Ghazal 42, Verse 10x


rab:t-e yak-shiiraazah-e va;hshat hai;N ajzaa-e bahaar
sabzah begaanah .sabaa aavaarah gul naa-aashnaa

1) they are the connection of a single binding-thread of wildness/wilderness, the signatures/parts of spring
2) the foliage-- alien; the breeze-- separated/wandering; the rose-- unacquainted


rab:t : 'Binding, connecting, uniting; connexion, bond, relation, dependence; consistency, fixity; friendship, intercourse; familiarity, practice, habit, use'. (Platts p.586)


shiiraazah : 'The stitching of the back of a book'. (Platts p.740)


va;hshaat : 'A desert, solitude, dreary place; --loneliness, solitariness, dreariness; --sadness, grief, care; --wildness, fierceness, ferocity, savageness; barbarity, barbarism; --timidity, fear, fright, dread, terror, horror; --distraction, madness'. (Platts p.1183)


juz [plural ajzaa]: 'Part, portion; particle; component part, ingredient; part or section of a book (consisting of eight leaves)'. (Platts p.381)


sabzah : 'Verdure, herbage; bloom'. (Platts p.632)


begaanah : 'Unknown, a foreigner, stranger, alien'. (Steingass p.223)


sabzah-e begaanah : 'Parasitic plants to be torn out or pruned'. (Steingass p.648)


aavaarah : 'Separated from one's family (= judaa ); without house and home; wandering, roving; astray; abandoned, lost; dissolute; --s.m. Wanderer; vagabond; profligate'. (Platts p.101)


aashnaa : 'Acquaintance; friend; associate; intimate friend, familiar; lover, sweetheart; paramour; mistress, concubine; --adj. Acquainted (with, - se ), knowing, known; attached (to), fond (of)'. (Platts p.57)


The springtime is the connection of the stitched-binding of wildness. That is, because of springtime some parts of madness have become collected. Because the foliage is alien, the breeze is a wanderer, the rose is unacquainted.

== Asi, p. 68


It has been learned that springtime is only a collection of the parts of madness.

An additional theme emerges from this verse: that when springtime itself has difficulty with the parts of wildness, in this season the fervor of our own wildness of madness is no cause for surprise.

This verse of Ghalib's is a poetic revelation.

== Zamin, p. 66

Gyan Chand:

The elements of which spring is composed-- among them, in reality, there's no strong relationship. Like the parts of wildness, they are scattered/disordered. The foliage is unknown to everyone. The breeze keeps wandering around far away from everyone. And the flower, unacquainted with everyone, remains swaying on a branch. It neither leaves its own place and goes to meet with anyone else, nor does anyone else come to meet with it. From this it's proved that it is unsociable-- or rather, unacquainted.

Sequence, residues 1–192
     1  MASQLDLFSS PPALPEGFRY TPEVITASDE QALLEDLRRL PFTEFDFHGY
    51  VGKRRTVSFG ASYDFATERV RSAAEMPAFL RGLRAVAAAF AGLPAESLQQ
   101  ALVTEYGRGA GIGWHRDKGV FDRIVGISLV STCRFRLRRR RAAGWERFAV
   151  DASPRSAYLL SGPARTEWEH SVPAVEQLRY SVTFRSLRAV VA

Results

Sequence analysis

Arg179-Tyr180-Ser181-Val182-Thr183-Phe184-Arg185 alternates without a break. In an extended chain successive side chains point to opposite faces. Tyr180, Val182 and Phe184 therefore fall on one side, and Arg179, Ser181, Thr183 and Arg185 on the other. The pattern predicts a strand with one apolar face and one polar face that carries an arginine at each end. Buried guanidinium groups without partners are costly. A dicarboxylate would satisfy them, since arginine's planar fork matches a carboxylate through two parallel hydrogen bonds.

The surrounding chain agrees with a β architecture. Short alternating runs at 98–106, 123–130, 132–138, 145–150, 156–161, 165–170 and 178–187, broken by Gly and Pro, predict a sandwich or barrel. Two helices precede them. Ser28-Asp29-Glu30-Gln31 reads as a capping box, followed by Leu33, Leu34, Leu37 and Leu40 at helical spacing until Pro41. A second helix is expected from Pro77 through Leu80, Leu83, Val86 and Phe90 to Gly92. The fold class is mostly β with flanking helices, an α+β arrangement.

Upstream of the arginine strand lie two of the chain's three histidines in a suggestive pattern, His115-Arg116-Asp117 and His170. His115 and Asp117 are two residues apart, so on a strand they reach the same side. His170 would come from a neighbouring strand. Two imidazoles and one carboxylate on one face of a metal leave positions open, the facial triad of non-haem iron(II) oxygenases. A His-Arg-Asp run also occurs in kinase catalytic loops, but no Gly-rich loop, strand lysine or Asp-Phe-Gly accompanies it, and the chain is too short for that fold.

== Gyan Chand, p. 105


WRITING: {7,3}

For background see S. R. Faruqi's choices. For more on Ghalib's unpublished verses, see the discussion in {4,8x}.

The imagery in the first line comes from the realm of book-binding. The parts or 'signatures' (folded page-sections that are stitched as a unit into the binding) of spring, are described as the 'connection' (or tightly bound mutual relationship) of a 'single binding-thread'-- not of a book, but of va;hshat . For discussion of such book-binding imagery, see {10,12}.

There's an extra idiomatic punch in the phrase yak-shiiraazah , which can also be read as something like 'a whole-bindingful of'; on Ghalib's use of yak expressions see {11,1}.

And of course, the definition of spring as such a paradoxical pairing, as a 'connection' of 'wildness', is an enjoyable shock. How much mutual 'connection' can different forms of 'wildness' or 'wilderness' or 'savagery' (see the definition above) have, anyway?

When we turn to the second line, we find three examples of such unsociable 'wildness': the foliage is alien, the breeze is a wanderer, and the rose itself is a non-acquaintance. Apparently they don't know each other, and have no wish to do so-- or means to do so, even if they did wish it. They are all separated from each other, all scattered and dispersed-- that is to say, they're pareshaa;N , in the Persian sense of the word.

There's also a clever bit of wordplay, since sabzah-e begaanah , literally 'alien greenery' (see the definitions above), is an idiomatic expression for 'weeds'; as usual, Ghalib has made it work in both its colloquial and its literal senses. For other such usages of the phrase, see {67,5x}; {81,8x}; {257x,8}.

for a straightforward example of this usage, see {81,8x}; and for an elegantly implied one, see

Thus we have the elegant paradox of a 'connection' made up of things that are 'scattered'. Are these three examples among the 'signatures' that themselves constitute the 'connection'? We can't be sure, since the two lines don't make the identification explicit. But certainly these or similar 'signatures' literally 'are' the connection of the stitched-binding of wildness that is spring. And why not? Both halves of the paradox insist on maintaining themselves.

Spring has an identity, it is a volume, a whole, something that makes a coherent 'connection' among various disparate parts. But at the same time, it's like a book in which each of the normally identical 'signatures' is different from all the others. For each of its signatures is not only disparate, but also inherently isolated or antisocial or preoccupied with its own affairs. The energy of spring is a huge upsurge in the life-force of all its separate parts-- one that sends them off with renewed vigor, to be more powerfully themselves. Any 'connection' among such parts must be made at a more cosmic level; or perhaps only abstractly, in our minds.

Note for grammar fans: In the first line, it does seem that the noun rab:t , 'connection', is being used in place of the adjective marbuu:t , 'connected'. Ghalib is Ghalib, kyaa kare;N ?